c. 2005 Religion News Service (UNDATED) Until recently, the most effective stewardship talk I had heard took place in California, where a preacher said the heart of stewardship is breaking our “addiction to control.” Too often, he said, our primary goal in life is to gain control, or to nourish the illusion of control, with wealth as the No. 1 enabler. Then I heard an even better stewardship talk. The speaker was a tall woman whom I first noticed the day she heard someone shouting from a back pew that her husband was having an attack, and she strode quickly from the choir’s alto section down the side aisle, and used her skills as a physician to keep the man stable until an ambulance arrived.

The marketing power of the Christian community

Quote of the Day: Marketing Firm President A. Larry Ross “With 330,000 churches in America, it’s potentially the largest distribution network in the country and probably in the world.” -A. Larry Ross, president of a Dallas public relations and marketing firm, on the marketing power of the Christian community for recent religious films such as “The Lion, the Witch and the Wardrobe” and “Left Behind: World at War.” He was quoted in the Washington Post.

RNS Daily Digest

c. 2005 Religion News Service Cardinal: Issue of Divorced and Remarried Catholics Still Open VATICAN CITY (RNS) An influential Vatican cardinal says a rethinking of church policy on divorced and remarried Catholics is still possible, despite the findings of a worldwide synod of bishops. Cardinal Walter Kasper, who heads Vatican relations with other Christian churches, told a news conference Monday (Oct. 24) that the status of divorced and remarried Catholics represented “an emerging pastoral problem” that should be studied beyond the synod. The assembly of more than 250 bishops on Saturday submitted a list of 50 proposals to Pope Benedict XVI.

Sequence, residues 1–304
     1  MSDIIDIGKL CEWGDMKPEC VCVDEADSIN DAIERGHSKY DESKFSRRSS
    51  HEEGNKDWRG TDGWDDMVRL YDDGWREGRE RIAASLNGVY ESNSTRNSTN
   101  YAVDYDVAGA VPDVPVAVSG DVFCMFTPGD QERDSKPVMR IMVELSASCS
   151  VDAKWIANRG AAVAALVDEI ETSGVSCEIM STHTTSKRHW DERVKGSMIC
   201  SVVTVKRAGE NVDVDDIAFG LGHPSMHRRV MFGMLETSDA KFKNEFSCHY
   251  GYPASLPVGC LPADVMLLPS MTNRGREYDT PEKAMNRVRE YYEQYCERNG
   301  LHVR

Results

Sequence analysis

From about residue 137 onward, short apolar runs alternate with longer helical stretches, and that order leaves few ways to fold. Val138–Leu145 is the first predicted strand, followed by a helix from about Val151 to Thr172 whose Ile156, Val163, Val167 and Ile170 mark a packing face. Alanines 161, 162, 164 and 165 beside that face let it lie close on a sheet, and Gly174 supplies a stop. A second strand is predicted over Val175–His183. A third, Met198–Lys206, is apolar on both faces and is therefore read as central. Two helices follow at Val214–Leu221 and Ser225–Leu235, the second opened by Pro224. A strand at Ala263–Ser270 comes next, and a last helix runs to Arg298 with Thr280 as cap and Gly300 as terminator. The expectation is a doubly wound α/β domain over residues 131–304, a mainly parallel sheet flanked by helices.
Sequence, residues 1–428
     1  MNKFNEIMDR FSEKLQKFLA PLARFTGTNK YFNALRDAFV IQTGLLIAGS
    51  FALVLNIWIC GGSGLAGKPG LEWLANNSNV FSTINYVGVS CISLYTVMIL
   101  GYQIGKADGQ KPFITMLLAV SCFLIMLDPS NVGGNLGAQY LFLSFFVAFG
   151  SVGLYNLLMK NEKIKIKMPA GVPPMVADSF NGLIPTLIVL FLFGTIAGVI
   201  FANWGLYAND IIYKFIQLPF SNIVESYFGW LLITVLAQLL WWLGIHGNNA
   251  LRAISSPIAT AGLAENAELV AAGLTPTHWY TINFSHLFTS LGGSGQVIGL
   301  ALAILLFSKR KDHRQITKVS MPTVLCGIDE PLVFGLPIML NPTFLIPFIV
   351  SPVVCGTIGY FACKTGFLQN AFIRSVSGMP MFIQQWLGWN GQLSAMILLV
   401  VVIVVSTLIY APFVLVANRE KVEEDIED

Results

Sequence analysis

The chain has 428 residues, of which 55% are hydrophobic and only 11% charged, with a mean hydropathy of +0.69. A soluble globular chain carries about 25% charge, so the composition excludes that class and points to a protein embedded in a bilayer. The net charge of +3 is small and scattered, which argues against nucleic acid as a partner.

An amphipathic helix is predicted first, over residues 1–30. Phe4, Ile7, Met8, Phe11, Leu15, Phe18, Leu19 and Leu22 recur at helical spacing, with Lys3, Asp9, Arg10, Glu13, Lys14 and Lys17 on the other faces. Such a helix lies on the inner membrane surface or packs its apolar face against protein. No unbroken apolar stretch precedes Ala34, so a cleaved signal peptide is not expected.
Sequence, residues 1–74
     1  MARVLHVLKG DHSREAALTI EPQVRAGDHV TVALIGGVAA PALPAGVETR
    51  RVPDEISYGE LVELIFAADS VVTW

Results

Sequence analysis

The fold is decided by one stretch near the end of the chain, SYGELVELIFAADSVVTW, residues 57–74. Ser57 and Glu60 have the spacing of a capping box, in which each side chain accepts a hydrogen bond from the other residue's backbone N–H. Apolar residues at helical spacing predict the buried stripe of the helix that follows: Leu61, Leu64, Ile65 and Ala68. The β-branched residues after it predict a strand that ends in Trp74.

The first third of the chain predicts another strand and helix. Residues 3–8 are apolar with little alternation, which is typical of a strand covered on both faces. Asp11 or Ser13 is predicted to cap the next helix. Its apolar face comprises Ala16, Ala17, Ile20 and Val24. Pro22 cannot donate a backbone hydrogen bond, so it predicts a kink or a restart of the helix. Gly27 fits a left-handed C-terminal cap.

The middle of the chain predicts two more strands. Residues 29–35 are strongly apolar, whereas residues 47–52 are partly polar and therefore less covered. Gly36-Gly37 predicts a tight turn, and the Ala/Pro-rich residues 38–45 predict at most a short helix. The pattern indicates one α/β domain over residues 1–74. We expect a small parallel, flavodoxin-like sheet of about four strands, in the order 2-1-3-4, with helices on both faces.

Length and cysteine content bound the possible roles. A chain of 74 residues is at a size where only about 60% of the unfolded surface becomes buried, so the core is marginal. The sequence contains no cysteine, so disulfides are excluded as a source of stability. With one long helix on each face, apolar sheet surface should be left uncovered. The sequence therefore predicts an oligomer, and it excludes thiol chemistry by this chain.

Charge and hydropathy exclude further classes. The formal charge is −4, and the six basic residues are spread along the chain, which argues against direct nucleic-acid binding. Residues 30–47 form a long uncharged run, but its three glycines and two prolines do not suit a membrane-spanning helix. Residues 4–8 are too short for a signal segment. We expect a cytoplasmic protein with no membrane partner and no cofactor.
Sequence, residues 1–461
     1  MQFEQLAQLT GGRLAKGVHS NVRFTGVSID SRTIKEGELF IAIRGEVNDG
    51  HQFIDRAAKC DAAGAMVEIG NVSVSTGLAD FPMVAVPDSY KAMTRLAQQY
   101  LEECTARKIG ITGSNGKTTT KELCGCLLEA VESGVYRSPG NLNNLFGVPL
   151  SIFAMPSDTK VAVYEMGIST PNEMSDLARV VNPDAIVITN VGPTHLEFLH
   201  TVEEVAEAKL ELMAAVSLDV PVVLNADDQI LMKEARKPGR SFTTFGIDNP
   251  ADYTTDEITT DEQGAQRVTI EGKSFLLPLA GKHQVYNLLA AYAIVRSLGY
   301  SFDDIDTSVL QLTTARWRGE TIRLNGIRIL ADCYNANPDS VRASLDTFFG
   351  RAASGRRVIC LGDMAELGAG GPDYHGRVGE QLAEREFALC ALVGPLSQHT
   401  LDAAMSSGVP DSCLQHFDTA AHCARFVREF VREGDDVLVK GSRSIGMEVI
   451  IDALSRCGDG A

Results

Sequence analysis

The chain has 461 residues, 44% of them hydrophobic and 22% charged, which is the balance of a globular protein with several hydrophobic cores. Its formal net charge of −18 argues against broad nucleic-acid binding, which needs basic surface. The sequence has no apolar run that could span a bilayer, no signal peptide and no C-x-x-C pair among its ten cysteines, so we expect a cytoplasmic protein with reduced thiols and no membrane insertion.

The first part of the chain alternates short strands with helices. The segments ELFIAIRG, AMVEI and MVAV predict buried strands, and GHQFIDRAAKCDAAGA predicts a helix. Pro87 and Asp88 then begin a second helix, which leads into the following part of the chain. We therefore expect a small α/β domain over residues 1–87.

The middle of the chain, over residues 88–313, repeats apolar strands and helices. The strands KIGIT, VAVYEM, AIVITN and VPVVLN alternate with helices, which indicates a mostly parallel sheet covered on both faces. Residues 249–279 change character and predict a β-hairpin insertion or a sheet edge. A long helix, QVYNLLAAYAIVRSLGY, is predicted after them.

Katrina and Rita Paralyze More Than 900 Congregations

c. 2005 Religion News Service (UNDATED) More than 900 houses of worship on the Gulf Coast have been destroyed, seriously damaged or forced to suspend services by hurricanes Katrina and Rita, leaving many clergy without salaries. Interviews with more than a dozen faith leaders indicate hundreds more congregations had at least minimal damage. Even as Monday’s Gulf Coast damage from Hurricane Wilma begins to be assessed, Christian, Jewish and Muslim groups are spearheading efforts to help congregations affected by the previous hurricanes. “One reality of these storms that is different from other recent hurricanes is that many of our churches will not be meeting for several months,” wrote Robert H. Bohl and Rick Ufford-Chase of the Presbyterian Church (USA) in a fund-raising letter.

Catholic Actor Portrays Pope John Paul II With Devotion

c. 2005 Religion News Service ROME _ Between takes, actor Jon Voight walked the movie set with a string of rosary beads laced between his fingers, occasionally raising his hand to make the Catholic sign of the cross at a captivated extra or onlooking nun. The cameras had stopped rolling, but Voight was still in action. Voight, a Catholic, isn’t the first actor who tried to step into the shoes of Pope John Paul II, a thespian himself who transformed the papacy into one of history’s most telegenic roles. But Voight might be the first to take an almost devotional approach to the part.